• Genetic factors- It involves some chromosomal disorders like Down syndrome 
  • Maternal factors such as diabetes, alcohol consumption, infections, etc.
  • Environmental factors like medications, and maternal smoking 
  • Advanced maternal age 

How is ventricular septal defect diagnosed?

Most of the ventricular septal defects can be diagnosed by the best cardiologist in Kolkata and during the physical examination the doctor checks for murmuring sound coming from the patient's heart. The murmur may change with time due to the closing of the small holes or large blood flow across the hole created by large ventral septal defects. An electrocardiogram can be recommended to check for strain on the heart by measuring the size of the heart chambers. A chest X-ray might also be performed to evaluate the size of the heart and the amount of blood flow to the lungs. In some children who have subtle signs of congestive heart failure, cardiac catheterization may be helpful in accurately knowing about the amount of flow of blood to the lungs and if there is any need for surgery.

How are ventricular septal defects treated?

If the hole formed is small in size, it does not make the heart and lungs work harder, and based on the patient's health surgery may be recommended. Mostly, in some cases, it closes on its own. In case of large ventricular defects, only surgery can help in closing the hole. Medications can only help in reducing the symptoms for some time but do not cure them.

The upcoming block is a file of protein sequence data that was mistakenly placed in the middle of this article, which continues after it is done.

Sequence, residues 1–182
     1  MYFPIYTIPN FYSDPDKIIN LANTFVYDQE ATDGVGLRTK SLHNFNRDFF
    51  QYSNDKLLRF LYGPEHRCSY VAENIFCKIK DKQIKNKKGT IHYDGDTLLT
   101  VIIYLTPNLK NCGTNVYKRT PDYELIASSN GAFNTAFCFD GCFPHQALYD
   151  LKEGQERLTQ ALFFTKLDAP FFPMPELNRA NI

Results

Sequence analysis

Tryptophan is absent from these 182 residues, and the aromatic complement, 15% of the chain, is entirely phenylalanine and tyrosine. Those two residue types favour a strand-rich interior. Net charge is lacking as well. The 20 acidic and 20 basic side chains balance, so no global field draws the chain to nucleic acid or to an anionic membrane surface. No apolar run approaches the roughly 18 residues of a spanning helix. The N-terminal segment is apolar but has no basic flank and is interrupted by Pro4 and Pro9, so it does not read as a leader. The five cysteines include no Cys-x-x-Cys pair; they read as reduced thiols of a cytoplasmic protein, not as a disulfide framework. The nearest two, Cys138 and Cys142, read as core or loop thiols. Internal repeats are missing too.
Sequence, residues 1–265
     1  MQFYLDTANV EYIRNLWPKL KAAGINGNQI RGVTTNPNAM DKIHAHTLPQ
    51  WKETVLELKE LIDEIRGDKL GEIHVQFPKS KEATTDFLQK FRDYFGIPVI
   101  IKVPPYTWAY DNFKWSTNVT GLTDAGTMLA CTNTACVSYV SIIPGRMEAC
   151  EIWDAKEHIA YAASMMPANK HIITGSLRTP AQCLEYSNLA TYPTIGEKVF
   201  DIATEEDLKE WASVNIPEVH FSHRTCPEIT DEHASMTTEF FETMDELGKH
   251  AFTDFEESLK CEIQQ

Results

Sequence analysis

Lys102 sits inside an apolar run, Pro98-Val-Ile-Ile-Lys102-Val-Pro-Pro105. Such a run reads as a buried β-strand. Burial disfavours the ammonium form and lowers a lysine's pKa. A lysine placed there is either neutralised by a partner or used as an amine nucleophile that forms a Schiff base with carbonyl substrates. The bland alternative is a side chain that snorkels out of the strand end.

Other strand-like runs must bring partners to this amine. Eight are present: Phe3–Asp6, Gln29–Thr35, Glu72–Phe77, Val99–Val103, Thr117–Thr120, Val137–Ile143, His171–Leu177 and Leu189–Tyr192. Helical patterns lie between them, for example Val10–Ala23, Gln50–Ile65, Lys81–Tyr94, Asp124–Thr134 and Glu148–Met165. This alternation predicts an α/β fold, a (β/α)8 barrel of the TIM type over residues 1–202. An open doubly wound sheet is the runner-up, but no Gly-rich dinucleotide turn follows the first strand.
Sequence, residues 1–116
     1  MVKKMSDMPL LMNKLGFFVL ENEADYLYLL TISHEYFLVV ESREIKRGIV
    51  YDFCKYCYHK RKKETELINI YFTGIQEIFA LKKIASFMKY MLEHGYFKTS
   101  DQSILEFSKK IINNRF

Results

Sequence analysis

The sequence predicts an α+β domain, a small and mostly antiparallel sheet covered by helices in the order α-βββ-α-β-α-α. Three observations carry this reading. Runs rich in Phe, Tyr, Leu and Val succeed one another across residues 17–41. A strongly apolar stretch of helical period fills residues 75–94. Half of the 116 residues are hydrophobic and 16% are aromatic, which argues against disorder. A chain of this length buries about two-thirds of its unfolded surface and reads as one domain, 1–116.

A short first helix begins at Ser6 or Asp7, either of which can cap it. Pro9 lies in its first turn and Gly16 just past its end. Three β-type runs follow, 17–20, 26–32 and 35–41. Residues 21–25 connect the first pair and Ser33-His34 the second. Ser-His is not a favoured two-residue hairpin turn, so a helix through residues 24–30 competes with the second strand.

In the case of infants with one or more ventricular septal defects or a VSD in an unusual area, a temporary procedure, pulmonary artery banding may be carried out to narrow the pulmonary artery and reduce the blood flow to the lungs. When the child gets older enough, the band is removed by operation, and open-heart surgery is done to close the large ventricular septal defect to prevent any health complications later in life. 

During the surgery, a fabric patch is sewn over the large VSD to close it which is further covered by a pericardium (the permanent lining present outside of the heart). After being treated for VSD, the child does not have to follow any special precautions for carrying out physical activities, he or she can participate in routine normal activities without any risk.

Conclusion

If you or your child is diagnosed with a ventricular septal defect, it is standard to feel anxious, worried, and apprehensive. It is better if you consult your doctor when you have feelings like these as they can understand you better. They will also offer you ways that are useful in treating this condition, averting complications, and reducing how it impacts the life of a patient. 

For more information about congenital heart defects and their treatment, schedule an appointment with our expert heart doctors at the best cardiac care, BM Birla Heart Research Centre.

FAQ -

 

What size ventricular septal defect requires surgery?

The size of the ventricular septal defect that is 6-10 mm in diameter needs surgery.

Can ventricular septal defect cause murmurs?

The ventricular septal defect causes murmurs that are harsh and loud.